Amazon & Marketplaces

Legal: Protect Against Counterfeit Goods with Amazon Brand Gating

There is no question that service providers like Amazon must constantly be on guard against nefarious third party sellers who might use their service for unlawful means. In order to build and maintain trust with its sellers and brands, Amazon must ensure that brand owners can stop the sale of counterfeit goods on its services. In recent years, Amazon has adopted new programs to protect this trust, one of which is brand gating.

Brand Gating Defined

What is brand gating? Brand gating is a means by which a brand owner may convince Amazon to exclude unauthorized third parties from selling the brand’s products on Amazon. By brand gating, a brand can control the resellers of products bearing the brand’s Amazon Standard Identification Numbers (ASINs), which prevents unauthorized sellers from listing the brand’s goods on the service. Brands can charge a fee, in some cases $1,500, for any new seller of the brand, which ads an additional barrier to entry to would-be counterfeiters. However, some brands have do not charge a fee.

Tips to Benefit from Brand Gating

To take advantage of brand gating, we typically recommend that brand owners file for trademark registration of their brands with the United States Patent and Trademark Office. Once trademark registration has been obtained, we then advise brand owners to participate in the Amazon Brand Registry. By participating in the Brand Registry, brands can take advantage of Amazon’s promise to deal with counterfeiting claims within four hours. Additionally, by participating in the Brand Registry, brands no longer have to perform a test buy before submitting a counterfeiting claim.

Once all of this is done, the next steps can be ambiguous at best. There is currently no public-facing means by which a brand can obtain brand gating. Experience, however, shows that brand gating is often open to larger sellers with extensive counterfeiting problems. It is not, however, exclusive to large sellers. Smaller sellers can also obtain brand gating by providing the right information.

There is currently no public-facing means by which a brand can obtain brand gating.

To aid Amazon in determining whether a brand should be gated, sellers should produce and be prepared to provide a list of ASINs to be gated. Brands should also be prepared to tell a compelling story about how counterfeiting has had an effect on their brand and provide specific examples of counterfeiting to support that story. It may take 4-5 weeks to have your brand accepted into the brand gating program. A brand can determine if it has been accepted by searching for one of its products and by clicking on the “Sell on Amazon” button. If a pop-up says selling requires approval, you’ve successful been gated.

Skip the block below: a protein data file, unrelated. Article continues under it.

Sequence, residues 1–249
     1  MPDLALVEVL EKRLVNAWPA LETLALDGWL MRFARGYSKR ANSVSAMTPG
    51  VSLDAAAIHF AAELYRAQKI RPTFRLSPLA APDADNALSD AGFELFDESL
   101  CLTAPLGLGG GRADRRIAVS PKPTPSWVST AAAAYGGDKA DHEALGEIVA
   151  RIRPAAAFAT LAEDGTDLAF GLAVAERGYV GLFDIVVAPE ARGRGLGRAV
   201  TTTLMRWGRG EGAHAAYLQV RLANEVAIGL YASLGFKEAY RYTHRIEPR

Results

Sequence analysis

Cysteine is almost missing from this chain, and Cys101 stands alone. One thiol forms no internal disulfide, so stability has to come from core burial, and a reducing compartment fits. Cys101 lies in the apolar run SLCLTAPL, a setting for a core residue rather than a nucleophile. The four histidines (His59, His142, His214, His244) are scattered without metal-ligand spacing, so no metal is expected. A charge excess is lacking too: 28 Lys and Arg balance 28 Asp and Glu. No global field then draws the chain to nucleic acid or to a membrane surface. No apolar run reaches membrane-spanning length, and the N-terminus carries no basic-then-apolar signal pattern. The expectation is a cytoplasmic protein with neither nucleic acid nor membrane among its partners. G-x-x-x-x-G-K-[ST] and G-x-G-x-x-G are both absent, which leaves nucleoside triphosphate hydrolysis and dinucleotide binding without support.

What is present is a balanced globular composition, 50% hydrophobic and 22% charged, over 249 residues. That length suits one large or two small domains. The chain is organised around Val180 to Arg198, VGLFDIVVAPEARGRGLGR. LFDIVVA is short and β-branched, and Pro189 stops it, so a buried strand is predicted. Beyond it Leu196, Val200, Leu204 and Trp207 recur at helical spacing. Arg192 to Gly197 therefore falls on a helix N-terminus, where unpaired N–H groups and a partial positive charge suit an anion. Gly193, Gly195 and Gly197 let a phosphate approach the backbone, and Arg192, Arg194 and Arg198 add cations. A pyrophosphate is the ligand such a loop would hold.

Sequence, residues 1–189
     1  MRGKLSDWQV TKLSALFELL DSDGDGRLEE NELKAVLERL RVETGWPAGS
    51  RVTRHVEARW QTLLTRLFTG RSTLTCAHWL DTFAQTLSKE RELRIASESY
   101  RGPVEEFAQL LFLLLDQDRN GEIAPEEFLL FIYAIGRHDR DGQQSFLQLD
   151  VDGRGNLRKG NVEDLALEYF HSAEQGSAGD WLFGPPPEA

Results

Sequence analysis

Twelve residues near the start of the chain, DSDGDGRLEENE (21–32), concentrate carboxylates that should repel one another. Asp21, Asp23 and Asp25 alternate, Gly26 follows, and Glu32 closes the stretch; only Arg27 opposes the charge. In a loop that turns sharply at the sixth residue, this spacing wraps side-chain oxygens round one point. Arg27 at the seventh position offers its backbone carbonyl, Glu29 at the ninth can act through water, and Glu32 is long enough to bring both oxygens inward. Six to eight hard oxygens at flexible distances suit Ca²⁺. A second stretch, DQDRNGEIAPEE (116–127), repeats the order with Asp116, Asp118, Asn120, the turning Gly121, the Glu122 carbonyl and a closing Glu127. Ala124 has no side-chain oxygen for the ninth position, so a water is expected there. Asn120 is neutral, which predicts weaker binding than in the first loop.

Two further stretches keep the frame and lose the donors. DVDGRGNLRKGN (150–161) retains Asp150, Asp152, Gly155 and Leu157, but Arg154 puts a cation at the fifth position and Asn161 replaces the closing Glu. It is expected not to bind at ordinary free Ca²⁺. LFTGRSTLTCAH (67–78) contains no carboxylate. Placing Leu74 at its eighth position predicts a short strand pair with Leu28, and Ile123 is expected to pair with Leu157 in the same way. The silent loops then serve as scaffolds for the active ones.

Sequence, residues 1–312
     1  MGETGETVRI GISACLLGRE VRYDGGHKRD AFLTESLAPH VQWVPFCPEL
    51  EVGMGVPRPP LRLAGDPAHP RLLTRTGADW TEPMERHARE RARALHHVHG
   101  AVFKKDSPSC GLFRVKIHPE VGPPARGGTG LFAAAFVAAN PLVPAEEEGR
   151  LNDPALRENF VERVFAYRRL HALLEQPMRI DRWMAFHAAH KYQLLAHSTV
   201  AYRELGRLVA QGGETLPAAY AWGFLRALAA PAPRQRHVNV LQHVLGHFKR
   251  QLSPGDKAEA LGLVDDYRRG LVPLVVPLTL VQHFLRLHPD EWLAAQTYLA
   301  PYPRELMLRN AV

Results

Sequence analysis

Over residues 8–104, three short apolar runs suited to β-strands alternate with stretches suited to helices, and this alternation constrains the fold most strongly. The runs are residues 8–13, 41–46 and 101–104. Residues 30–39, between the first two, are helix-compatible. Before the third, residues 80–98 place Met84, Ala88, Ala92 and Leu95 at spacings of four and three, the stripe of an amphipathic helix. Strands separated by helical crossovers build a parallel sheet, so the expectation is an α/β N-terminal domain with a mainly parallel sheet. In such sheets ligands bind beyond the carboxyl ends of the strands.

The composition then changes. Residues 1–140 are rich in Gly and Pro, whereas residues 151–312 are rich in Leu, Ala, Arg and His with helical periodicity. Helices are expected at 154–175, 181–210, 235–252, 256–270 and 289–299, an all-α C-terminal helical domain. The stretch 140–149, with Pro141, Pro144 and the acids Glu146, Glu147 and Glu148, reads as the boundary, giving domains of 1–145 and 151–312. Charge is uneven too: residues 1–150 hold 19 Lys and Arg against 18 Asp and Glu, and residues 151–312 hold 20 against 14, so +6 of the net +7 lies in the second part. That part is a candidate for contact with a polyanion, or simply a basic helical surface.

What Does All of This Mean for Sellers?

For third-party sellers, meaning sellers that are not a brand, it means that they may need to either acquire direct approval to sell a brand’s goods on Amazon or pay a fee to sell products from a gated brand. For third-party sellers that buy their products at retail, it may also mean that they can no longer sell on Amazon because they cannot prove that they have the brand-owner’s approval to sell a gated product. To prove that a third-party seller is authorized, it may need to submit information, such as invoices showing direct purchases from a brand or a letter from the brand owner.

Though the cost of compliance may be high, third-party sellers face significant risk, such as an outright ban, if they do not comply. Gated brand notifications can be sent at any time, and Amazon appears to be scaling these changes, so more may be on their way. Third-party sellers are advised to not attempt to get around brand gating by listing items as used or by bundling restricted brands with non-restricted brands. Obtaining authorization is far easier than attempting to recover a blocked account through arbitration.

As always, if you have questions about brand gating, speak with an attorney.

John Di Giacomo
John Di Giacomo
Bio   •   RSS Feed